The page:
The Bloomington Public Works Department has announced that special testing of certain parts of the sewer system will begin July 11. When it rains in Bloomington, a large amount of storm water enters the sanitary sewer and goes to the water treatment plant. This causes the potential for overloading the sewer system and takes up capacity at the treatment plant. In order to locate cracks, joints, or holes that allow storm water to enter the sewer, Public Works staff and crews from Orchard Hiltz & McCliment, Inc. and Foth, LLC will conduct “smoke testing” for approximately three weeks, weather permitting.
Residents and businesses in the affected areas will be notified by hanging tags on doors approximately one day before smoke testing begins. Crews in the testing areas will have marked vehicles and identification.
Testing will primarily be focused on the sewers east of Veterans Parkway. The sanitary sewer system east of Veterans Parkway is a separated system, meaning sewage flows into the sanitary sewer and goes to the treatment plant, while storm water enters the storm sewer and flows to area creeks and detention basins.
Smoke testing involves blowing smoke through the sanitary sewers to pinpoint deficiencies in the system. During the testing procedure, residents may see smoke coming from vent stacks on buildings, holes in the ground, or downspouts. The smoke varies in color from white to gray. It is non-toxic, non-staining, has no odor, and creates no fire hazard. The smoke leaves no residue and is not harmful to people, pets or plants.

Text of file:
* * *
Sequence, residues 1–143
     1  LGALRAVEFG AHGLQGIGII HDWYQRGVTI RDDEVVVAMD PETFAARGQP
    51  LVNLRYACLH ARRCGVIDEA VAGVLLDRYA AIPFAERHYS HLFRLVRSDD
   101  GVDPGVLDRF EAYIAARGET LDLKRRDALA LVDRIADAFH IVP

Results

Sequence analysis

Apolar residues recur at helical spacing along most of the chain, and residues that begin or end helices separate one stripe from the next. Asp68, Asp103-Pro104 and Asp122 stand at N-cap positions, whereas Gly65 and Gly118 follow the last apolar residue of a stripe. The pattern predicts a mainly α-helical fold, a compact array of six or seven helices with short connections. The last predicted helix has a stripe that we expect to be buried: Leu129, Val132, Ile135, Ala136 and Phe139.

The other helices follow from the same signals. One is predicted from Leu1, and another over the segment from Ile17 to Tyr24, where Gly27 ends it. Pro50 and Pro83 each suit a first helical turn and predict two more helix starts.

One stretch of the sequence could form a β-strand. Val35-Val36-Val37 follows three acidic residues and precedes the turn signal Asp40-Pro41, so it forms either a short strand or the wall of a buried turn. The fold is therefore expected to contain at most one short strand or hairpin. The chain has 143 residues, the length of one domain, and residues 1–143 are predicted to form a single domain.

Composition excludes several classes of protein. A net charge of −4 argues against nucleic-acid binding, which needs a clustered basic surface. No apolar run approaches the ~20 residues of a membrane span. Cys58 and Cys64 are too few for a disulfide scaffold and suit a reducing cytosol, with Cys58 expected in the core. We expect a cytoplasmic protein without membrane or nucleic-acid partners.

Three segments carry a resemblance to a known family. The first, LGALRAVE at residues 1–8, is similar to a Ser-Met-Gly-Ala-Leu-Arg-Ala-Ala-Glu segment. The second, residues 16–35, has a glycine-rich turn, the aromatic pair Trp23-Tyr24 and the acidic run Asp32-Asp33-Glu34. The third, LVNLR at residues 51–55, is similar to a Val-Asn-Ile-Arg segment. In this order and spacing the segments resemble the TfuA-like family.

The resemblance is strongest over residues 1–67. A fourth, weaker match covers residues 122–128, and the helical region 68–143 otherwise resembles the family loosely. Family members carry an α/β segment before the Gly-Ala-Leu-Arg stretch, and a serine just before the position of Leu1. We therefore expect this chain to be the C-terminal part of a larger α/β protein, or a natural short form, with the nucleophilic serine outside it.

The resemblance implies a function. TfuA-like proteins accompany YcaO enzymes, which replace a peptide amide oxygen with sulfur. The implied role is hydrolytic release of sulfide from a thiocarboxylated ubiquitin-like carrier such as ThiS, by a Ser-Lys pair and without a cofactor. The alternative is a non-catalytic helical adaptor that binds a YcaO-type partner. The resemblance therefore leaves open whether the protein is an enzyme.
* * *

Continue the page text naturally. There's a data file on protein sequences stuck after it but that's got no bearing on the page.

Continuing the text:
The smoke testing should not have any adverse effect on homes, businesses or sanitary sewer service. Residents do not need to be present during the testing. When notice is received that testing will be conducted, building and home occupants are asked to pour water down ALL the drains, especially seldom used drains and floor drains in basements, slab floors, and garages. Smoke can enter a building through a drain if the trap is not filled.
This work is a required step to meet obligations with the Illinois Environmental Protection Agency (IEPA) and the Bloomington-Normal Water Reclamation District (BNWRD). Removing sources of unwanted storm water will help reduce high flow rates to the Wastewater Treatment Plant, thereby lowering treatment costs and environmental impact.
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or contact the Bloomington Public Works Department at: (309) 434-2225.